As Kiera Wright-Ruiz, a social media manager at Google’s Local Guides puts it, “Even though I always repeat, ‘please let me know if you have any questions,’ I actually do want to know if they have questions.”
However, most of the time, you’ll want to edit out cliches whenever possible since they can make people tune out. Here are the top seven to avoid:
Please find attached
Thank you in advance
I look forward to hearing from you
Per our conversation
I hope you are doing well
To whom it may concern
Sorry for the late reply
Method: We searched for terms used by our users based on our most popular blog articles.
What to do instead: Try reading the draft for cliches, tone, and voice to more effectively communicate your message while keeping the reader engaged. Ask yourself: If your boss (or mom) read this email, would you be happy with it? If the answer is yes, then you’re on the right track.
People often repeat words within the same paragraph, twice in two sentences, or just too close together to go unnoticed. While it’s not the worst offense, it’s another thing that can make a reader tune out.
Here are the most commonly repeated words to avoid:
What to do instead: Try reading your draft out loud, using the text-to-speech function on your phone, or running it by a colleague before sending it off. we can also help you catch these repeated or overused words.
7 Robotic language
Email may be a descendant of snail mail, but that doesn’t mean your messages should sound like an old-timey version of yourself. In fact, emails should sound like the person who is writing it. So using phrases that sound like something out of a Victorian novel isn’t the best move if you want to connect with the reader.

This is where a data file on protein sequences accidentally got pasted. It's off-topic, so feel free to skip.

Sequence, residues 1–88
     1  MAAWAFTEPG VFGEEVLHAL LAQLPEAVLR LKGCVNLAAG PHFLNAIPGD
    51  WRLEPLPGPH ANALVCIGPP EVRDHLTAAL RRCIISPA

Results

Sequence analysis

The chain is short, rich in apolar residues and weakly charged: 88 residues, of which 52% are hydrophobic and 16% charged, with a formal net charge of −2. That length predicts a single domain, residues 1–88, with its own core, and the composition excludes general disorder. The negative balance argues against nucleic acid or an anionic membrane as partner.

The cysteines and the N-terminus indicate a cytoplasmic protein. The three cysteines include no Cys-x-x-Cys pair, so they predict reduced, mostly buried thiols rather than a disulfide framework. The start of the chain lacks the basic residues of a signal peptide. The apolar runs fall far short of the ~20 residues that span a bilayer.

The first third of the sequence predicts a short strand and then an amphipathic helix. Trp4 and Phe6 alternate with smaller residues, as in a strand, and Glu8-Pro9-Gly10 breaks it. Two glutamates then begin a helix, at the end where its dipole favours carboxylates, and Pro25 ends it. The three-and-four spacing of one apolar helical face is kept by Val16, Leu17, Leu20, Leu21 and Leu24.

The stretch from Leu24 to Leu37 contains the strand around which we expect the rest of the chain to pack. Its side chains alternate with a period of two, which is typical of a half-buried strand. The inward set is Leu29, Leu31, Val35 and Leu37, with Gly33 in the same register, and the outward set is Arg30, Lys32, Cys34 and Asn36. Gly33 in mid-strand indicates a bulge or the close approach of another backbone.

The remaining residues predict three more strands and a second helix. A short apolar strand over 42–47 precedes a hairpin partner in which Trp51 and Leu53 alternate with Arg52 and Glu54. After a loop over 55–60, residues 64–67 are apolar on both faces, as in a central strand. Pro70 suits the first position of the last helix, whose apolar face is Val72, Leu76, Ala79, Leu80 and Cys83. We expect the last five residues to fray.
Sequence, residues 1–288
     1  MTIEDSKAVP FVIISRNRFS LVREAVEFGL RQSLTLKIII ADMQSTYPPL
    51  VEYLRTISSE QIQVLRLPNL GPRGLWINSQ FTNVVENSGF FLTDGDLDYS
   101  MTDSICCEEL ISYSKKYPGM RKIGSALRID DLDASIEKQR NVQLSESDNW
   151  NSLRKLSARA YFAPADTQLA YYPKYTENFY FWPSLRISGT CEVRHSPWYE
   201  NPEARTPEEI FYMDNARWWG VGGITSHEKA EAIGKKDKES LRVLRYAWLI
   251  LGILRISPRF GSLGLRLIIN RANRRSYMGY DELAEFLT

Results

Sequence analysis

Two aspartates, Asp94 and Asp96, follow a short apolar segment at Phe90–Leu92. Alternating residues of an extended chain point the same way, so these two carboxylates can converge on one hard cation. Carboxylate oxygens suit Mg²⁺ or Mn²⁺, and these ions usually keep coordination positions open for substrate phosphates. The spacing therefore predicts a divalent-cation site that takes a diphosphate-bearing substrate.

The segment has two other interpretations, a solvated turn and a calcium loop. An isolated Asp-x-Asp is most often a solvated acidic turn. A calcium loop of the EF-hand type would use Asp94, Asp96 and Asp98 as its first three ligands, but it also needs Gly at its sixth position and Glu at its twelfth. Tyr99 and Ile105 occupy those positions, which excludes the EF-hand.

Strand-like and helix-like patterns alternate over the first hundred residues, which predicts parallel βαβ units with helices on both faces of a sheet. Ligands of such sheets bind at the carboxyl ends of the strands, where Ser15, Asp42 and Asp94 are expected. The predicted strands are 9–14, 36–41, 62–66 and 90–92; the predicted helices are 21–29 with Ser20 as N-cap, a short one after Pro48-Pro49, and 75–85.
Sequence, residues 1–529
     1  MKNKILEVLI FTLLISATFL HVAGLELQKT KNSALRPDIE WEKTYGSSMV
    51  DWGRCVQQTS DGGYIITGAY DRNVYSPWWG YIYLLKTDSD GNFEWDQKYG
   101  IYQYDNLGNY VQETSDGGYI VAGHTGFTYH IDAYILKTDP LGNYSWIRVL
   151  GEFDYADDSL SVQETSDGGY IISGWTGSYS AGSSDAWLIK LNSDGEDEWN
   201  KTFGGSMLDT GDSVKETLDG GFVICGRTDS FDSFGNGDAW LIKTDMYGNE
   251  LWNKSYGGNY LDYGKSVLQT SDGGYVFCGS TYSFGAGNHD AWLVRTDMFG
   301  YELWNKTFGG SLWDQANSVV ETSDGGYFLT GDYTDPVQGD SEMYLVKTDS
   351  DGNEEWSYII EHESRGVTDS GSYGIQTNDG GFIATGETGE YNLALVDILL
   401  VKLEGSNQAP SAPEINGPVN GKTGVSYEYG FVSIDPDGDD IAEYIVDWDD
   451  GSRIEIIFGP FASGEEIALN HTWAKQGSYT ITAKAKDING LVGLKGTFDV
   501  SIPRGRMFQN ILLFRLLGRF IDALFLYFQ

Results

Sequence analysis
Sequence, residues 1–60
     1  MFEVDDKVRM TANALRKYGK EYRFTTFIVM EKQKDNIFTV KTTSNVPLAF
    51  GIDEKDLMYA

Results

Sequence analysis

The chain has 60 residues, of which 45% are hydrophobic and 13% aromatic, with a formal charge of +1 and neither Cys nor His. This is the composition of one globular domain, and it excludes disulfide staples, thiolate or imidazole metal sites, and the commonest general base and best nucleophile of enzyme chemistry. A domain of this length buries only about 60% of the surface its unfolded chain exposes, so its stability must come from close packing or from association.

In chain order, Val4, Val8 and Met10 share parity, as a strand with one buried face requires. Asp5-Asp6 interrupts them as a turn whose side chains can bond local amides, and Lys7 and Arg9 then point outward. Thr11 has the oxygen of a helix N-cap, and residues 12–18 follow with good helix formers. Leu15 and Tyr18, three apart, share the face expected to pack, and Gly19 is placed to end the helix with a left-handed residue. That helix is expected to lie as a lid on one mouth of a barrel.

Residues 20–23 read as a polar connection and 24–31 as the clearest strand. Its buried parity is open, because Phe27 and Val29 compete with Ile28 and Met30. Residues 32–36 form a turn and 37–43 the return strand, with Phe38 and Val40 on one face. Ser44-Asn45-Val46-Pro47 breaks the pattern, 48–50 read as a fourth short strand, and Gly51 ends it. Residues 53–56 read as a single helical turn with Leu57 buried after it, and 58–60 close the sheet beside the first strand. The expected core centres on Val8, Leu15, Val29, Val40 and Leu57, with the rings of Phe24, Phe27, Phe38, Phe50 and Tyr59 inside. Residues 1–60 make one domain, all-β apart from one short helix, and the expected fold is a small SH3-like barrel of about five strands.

“Let’s face it: Nobody wants to read a college textbook. You want to read a blog or an article or a real conversation. They’re a person, they’re not a robot. So use language that sounds like something you would say if you’re just sitting in a coffee shop,” says copy chief Schafer.
What to do instead: You can get a more natural effect by pretending you’re writing to a friend or having a conversation with a friendly acquaintance. For example, you probably wouldn’t say something like, “Greetings” and “I hope the weather is fair where you are” if you were meeting someone for coffee. You’d say something like, “Hi” and “Thanks again for your time.”
8 Overuse of exclamation points!
Enthusiasm is great. But in certain contexts, the overuse of exclamation points can do more harm than good. This is especially true if you’re forging a new relationship or contacting someone outside of your company. You are, after all, a representative of your work when you use a company email address. But people love exclamation points, and they’re still something that many people rely on to convey a positive tone.
For example, here are the most common sentences and words people use with exclamation points in emails:
Have a great weekend!
Have a great day!
What to do instead: After you’ve written your draft, do a quick search for exclamation points and use your judgment to determine which (if any) to keep based on your relationship with the recipient. As a general rule, try to keep it to one or two per email with colleagues.